Sure the film has its share of flaws, and it's filled with enough mayhem and explosions to make the Unabomber giddy, but so did the Godfather, no? But the fact is the film is the second-highest grossing picture of all time, has shattere demographic guidelines and transcended the traditional audience of fanboys and males aged 13-56 and features one of the most memorable villians in cinematic history, Heath Ledger's Joker. Shouldn't that mean the movie should be considered on of the year's best? In my opion the answer is an obvious 'yes'.

-Tropic Thunder 1 nom, Best Supporting Actor
Another snub due to genre, this hilarious inside Hollywood spoof from director/star Ben Stiller mangaed to turn a slew of genres on their ear while remaining well-acted, directed and intentioned.

Like horror, animation and action, comedies traditionally get no respect when it comes to Oscar time, as if funny movies can't be as great as dramas. But Stiller's film combines many elements - action, comedy, satire, drama - and turns them into one heck of an entertaining film.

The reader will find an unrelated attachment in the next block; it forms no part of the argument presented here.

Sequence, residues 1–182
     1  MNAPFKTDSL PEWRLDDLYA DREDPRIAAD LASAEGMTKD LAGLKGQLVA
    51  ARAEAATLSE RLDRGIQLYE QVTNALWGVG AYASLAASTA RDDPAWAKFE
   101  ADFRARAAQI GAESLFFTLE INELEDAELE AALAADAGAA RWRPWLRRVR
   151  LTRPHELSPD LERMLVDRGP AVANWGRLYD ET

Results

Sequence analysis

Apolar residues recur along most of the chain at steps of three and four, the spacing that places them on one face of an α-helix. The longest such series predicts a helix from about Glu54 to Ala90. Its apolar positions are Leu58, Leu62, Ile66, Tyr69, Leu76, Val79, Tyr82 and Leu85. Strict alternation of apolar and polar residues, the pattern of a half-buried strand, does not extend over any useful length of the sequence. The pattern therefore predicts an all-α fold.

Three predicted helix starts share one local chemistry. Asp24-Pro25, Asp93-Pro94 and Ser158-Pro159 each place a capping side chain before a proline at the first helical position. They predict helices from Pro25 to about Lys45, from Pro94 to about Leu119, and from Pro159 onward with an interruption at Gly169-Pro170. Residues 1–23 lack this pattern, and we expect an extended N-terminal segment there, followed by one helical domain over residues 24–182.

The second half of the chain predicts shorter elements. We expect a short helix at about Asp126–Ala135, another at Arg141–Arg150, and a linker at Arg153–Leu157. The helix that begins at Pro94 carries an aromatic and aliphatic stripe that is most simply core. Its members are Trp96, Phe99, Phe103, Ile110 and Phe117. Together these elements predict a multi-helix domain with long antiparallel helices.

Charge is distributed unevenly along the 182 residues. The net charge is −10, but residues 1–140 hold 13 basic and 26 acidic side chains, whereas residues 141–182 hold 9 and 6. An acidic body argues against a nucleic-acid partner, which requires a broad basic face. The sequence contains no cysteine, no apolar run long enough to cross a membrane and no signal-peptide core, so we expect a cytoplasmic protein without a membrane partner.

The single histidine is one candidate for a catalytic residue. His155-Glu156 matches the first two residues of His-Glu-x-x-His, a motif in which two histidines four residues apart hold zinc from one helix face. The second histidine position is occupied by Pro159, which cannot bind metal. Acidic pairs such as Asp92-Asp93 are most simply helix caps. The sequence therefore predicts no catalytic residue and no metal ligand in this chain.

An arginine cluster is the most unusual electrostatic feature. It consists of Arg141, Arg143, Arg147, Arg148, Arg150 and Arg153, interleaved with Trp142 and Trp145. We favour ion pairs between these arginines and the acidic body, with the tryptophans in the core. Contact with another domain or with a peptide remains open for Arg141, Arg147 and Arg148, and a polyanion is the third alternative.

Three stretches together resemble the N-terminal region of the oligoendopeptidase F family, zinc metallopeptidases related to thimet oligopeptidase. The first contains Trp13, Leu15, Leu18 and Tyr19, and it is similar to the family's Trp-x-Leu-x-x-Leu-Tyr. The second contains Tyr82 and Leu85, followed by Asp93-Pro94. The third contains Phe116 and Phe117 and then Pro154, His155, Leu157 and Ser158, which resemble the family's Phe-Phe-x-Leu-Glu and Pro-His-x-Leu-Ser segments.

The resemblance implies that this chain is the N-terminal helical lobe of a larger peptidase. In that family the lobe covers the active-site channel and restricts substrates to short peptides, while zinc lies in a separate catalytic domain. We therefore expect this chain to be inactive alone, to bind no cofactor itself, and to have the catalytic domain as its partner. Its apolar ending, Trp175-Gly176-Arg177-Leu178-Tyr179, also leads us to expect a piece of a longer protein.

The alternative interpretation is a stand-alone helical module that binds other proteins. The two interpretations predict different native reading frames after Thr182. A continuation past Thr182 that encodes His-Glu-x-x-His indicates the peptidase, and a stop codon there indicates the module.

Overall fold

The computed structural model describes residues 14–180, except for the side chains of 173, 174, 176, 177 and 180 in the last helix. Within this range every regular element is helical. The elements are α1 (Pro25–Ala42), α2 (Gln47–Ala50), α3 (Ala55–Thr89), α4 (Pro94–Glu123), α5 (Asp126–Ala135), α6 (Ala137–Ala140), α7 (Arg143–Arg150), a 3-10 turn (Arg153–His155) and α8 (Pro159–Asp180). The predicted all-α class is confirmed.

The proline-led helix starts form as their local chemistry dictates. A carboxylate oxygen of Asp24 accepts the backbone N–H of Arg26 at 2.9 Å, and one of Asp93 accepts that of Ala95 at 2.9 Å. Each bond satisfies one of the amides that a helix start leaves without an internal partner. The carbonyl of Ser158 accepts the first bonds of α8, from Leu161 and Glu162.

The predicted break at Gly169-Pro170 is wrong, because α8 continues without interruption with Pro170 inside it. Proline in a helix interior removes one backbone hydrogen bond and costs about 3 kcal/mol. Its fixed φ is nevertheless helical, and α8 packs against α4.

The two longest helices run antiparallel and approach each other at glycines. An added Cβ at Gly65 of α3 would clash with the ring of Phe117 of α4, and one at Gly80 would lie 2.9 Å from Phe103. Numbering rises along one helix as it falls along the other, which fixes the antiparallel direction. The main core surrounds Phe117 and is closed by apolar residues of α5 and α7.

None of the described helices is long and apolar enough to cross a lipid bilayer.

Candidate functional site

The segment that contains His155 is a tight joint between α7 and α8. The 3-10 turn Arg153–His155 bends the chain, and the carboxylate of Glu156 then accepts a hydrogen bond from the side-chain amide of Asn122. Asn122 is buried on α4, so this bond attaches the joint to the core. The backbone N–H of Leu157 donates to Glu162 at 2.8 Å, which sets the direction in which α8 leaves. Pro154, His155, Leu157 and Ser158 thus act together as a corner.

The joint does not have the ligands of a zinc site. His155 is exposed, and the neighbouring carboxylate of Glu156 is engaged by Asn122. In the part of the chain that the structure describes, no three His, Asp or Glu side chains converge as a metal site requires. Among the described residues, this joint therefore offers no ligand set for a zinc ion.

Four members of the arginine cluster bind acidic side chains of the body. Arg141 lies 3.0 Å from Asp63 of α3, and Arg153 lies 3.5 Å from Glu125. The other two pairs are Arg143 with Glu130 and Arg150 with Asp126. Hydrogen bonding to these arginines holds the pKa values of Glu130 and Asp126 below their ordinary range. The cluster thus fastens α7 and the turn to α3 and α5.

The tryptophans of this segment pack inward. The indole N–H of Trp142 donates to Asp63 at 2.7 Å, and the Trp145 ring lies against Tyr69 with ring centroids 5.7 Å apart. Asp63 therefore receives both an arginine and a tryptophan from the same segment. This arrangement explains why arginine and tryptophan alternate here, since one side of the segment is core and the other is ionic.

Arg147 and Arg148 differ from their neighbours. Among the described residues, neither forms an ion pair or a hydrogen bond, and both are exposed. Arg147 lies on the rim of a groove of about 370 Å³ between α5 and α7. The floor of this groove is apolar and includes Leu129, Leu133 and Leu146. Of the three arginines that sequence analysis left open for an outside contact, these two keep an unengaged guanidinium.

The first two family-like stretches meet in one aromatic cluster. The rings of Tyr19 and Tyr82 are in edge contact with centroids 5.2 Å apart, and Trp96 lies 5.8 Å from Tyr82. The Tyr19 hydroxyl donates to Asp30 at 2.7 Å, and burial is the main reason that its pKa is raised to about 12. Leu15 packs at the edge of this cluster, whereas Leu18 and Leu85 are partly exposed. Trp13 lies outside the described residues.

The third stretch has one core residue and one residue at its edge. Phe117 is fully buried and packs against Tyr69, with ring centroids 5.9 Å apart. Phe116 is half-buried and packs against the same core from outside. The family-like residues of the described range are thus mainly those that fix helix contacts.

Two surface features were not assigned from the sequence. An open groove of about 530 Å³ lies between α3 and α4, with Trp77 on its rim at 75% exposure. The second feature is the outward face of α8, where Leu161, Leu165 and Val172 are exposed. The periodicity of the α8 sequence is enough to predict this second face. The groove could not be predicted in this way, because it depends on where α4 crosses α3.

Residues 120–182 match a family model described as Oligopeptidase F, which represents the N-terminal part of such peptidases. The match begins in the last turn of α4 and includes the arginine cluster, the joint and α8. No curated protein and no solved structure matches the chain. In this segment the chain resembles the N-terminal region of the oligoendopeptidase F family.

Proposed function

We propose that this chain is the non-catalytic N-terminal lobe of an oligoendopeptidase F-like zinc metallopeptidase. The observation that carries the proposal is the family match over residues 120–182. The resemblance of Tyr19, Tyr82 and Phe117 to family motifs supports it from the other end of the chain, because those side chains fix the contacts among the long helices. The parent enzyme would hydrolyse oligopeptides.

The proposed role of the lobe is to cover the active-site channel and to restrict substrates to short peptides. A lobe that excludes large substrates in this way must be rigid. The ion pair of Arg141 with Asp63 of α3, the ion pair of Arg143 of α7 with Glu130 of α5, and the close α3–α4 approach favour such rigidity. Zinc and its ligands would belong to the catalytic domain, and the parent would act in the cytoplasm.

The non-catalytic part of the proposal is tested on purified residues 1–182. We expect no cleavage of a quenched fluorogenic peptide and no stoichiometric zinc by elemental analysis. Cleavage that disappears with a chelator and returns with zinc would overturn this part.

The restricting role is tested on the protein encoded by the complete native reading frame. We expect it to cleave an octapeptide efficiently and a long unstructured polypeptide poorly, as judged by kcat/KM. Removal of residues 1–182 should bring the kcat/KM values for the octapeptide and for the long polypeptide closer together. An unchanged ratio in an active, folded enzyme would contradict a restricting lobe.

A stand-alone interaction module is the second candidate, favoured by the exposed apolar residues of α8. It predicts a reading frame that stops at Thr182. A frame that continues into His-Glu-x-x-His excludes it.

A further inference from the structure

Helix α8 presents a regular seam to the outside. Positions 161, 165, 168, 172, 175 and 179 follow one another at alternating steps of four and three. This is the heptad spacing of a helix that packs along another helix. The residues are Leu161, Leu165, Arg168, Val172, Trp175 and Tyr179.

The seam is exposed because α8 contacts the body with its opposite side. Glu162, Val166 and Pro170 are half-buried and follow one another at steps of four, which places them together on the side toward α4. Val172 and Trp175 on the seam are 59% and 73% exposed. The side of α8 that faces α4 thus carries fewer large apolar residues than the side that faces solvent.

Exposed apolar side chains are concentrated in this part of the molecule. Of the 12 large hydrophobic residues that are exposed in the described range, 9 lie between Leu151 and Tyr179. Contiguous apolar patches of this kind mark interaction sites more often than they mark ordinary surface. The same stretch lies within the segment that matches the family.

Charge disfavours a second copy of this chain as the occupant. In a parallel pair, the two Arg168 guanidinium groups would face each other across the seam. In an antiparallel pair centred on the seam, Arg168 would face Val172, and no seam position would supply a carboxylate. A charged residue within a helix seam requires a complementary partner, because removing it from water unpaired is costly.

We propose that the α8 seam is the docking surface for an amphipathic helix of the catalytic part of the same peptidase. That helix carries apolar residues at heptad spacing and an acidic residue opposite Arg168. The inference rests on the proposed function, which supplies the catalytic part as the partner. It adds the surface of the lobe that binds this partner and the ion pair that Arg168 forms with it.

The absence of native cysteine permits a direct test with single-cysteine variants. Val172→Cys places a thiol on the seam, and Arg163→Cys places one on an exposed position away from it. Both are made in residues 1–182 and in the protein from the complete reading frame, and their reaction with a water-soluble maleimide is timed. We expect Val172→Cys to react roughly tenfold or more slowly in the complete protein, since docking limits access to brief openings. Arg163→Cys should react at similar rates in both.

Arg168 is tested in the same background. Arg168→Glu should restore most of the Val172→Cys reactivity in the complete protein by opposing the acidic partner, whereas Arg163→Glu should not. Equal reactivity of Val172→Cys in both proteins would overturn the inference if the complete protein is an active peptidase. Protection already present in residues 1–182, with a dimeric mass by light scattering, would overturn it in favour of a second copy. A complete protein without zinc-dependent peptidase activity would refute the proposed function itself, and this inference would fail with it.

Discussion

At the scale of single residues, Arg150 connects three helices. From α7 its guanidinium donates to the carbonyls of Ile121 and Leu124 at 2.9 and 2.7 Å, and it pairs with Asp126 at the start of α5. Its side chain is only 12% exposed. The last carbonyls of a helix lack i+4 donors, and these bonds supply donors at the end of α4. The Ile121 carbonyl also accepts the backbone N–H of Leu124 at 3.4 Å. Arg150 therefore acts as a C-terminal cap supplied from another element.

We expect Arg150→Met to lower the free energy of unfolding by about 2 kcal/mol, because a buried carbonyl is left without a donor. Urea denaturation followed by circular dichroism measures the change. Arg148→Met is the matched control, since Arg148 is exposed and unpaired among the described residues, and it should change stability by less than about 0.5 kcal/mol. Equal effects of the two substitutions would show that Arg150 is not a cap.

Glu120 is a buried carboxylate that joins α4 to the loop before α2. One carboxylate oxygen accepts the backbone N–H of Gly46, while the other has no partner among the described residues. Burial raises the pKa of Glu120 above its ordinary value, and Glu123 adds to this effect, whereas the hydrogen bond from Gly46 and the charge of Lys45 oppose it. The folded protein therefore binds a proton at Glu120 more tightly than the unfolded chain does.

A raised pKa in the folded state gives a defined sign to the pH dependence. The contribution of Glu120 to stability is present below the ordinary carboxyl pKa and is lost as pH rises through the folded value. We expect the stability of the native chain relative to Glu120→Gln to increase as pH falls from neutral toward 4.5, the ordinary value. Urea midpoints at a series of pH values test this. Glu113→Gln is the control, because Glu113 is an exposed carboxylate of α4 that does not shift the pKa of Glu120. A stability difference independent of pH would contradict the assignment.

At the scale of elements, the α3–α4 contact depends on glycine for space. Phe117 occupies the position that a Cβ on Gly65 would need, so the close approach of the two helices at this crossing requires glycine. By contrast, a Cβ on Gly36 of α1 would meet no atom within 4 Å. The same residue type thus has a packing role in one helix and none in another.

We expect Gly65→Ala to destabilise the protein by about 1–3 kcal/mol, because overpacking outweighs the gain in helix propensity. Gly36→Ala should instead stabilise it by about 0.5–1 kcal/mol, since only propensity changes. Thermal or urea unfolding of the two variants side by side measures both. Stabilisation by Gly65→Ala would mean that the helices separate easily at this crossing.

While Robert Downey Jr's portrayal of extreme method actor Kirk Lazarus garnered the most attention and the film's sole nomination, the truth is that the whole movie contained enough excellent performances, sidesplitting moments and social skewering to al least earn Stiller a screenwriting nod. But perhaps the Hollywood upper crust does not think highly of the stabs Stiller takes at the types of people who make the decision to nominate such flicks.

Besides, any film that can get Tom Cruise to make fun of himself, and be hilarious at it, should receive special attention, shouldn't it?

No matter. We know how good these films are, and until the Academy decides to get in on the joke, it will forever be considered the butt of such snubs.

Happy viewing.